Discovery of thermonuclear Type-I X-ray bursts from the X-ray binary MAXI J1807+132

Albayati A. C., Altamirano D., Jaisawal G. K., Bult P., Rapisarda S., Mancuso G. C., ...More

MONTHLY NOTICES OF THE ROYAL ASTRONOMICAL SOCIETY, vol.501, no.1, pp.261-268, 2021 (SCI-Expanded) identifier identifier identifier

  • Publication Type: Article / Article
  • Volume: 501 Issue: 1
  • Publication Date: 2021
  • Doi Number: 10.1093/mnras/staa3657
  • Journal Indexes: Science Citation Index Expanded (SCI-EXPANDED), Scopus, Academic Search Premier, Aerospace Database, Applied Science & Technology Source, Communication Abstracts, INSPEC, Metadex, zbMATH, DIALNET, Civil Engineering Abstracts
  • Page Numbers: pp.261-268
  • Istanbul University Affiliated: Yes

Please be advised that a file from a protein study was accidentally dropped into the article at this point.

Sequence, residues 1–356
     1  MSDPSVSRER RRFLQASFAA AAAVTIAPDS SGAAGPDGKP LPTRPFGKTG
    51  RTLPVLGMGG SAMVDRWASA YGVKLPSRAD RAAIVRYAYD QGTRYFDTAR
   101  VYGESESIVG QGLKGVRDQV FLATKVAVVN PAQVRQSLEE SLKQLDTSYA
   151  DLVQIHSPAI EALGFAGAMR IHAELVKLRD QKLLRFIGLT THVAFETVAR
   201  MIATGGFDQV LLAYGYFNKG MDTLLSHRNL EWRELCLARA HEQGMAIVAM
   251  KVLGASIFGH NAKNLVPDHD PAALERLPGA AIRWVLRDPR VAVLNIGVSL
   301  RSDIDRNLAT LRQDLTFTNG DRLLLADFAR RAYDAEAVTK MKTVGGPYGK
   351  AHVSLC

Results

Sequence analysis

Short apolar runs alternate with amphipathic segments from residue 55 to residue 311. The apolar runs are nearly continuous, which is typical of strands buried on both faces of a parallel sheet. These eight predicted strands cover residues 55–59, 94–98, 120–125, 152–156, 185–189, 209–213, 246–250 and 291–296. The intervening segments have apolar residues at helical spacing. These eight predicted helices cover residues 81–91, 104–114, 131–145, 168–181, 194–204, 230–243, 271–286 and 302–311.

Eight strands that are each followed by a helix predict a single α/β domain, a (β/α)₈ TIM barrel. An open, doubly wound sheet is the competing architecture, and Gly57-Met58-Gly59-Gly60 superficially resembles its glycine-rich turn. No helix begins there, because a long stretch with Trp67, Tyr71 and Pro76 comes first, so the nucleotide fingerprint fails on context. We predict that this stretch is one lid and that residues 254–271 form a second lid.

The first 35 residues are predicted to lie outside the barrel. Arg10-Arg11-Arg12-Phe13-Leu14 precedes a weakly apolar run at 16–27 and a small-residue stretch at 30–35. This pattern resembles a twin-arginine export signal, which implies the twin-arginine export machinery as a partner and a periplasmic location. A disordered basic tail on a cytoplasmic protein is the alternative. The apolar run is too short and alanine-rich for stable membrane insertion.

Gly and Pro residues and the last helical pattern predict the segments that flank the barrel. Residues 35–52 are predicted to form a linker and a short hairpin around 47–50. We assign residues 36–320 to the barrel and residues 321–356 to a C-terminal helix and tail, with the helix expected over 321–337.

MAXI J1807+132 is a low-mass X-ray binary (LMXB) first detected in outburst in 2017. Observations during the 2017 outburst did not allow for an unambiguous identification of the nature of the compact object. MAXI J1807+132 that was detected in outburst again in 2019 and was monitored regularly with Neutron Star Interior Composition Explorer ( NICER). In this paper, we report on 5 days of observations during which we detected three thermonuclear (Type-I) X-ray bursts, identifying the system as a neutron star LMXB. Time-resolved spectroscopy of the three Type-I bursts revealed typical characteristics expected for these phenomena. All three Type-I bursts show slow rises and long decays, indicative of mixed H/He fuel. We find no strong evidence that any of the Type-I bursts reached the Eddington Luminosity; however, under the assumption that the brightest X-ray burst underwent photospheric radius expansion, we estimate a <12.4 kpc upper limit for the distance. We searched for burst oscillations during the Type-I bursts from MAXI J1807+132 and found none (<10 per cent amplitude upper limit at 95 per cent confidence level). Finally, we found that the brightest Type-I burst shows a similar to 1.6 s pause during the rise. This pause is similar to one recently found with NICER in a bright Type-I burst from the accreting millisecond X-ray pulsar SAX J1808.4-3658. The fact that Type-I bursts from both sources can show this type of pause suggests that the origin of the pauses is independent of the composition of the burning fuel, the peak luminosity of the Type-I bursts, or whether the NS is an X-ray pulsar.